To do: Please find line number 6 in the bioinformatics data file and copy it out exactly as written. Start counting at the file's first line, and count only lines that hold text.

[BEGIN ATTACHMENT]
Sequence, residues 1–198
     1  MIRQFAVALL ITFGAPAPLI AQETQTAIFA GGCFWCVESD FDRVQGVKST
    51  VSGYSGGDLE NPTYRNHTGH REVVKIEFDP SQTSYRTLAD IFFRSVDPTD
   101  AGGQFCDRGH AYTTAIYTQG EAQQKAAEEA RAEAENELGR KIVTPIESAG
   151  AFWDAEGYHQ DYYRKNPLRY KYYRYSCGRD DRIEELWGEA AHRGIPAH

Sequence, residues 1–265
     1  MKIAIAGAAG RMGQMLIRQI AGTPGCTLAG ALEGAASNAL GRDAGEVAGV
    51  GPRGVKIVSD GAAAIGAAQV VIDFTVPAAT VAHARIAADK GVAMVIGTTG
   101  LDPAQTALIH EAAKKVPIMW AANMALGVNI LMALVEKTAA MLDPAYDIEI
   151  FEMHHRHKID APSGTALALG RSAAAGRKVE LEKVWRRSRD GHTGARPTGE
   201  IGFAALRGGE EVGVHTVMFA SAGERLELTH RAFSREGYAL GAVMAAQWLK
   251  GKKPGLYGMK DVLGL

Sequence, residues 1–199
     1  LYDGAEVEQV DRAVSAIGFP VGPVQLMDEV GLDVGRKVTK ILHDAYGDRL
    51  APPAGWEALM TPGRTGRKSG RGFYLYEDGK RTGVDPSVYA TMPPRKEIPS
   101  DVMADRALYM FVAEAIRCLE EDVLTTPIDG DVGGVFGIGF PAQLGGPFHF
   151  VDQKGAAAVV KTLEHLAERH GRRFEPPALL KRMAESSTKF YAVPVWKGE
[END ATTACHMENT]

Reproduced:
Sequence, residues 1–265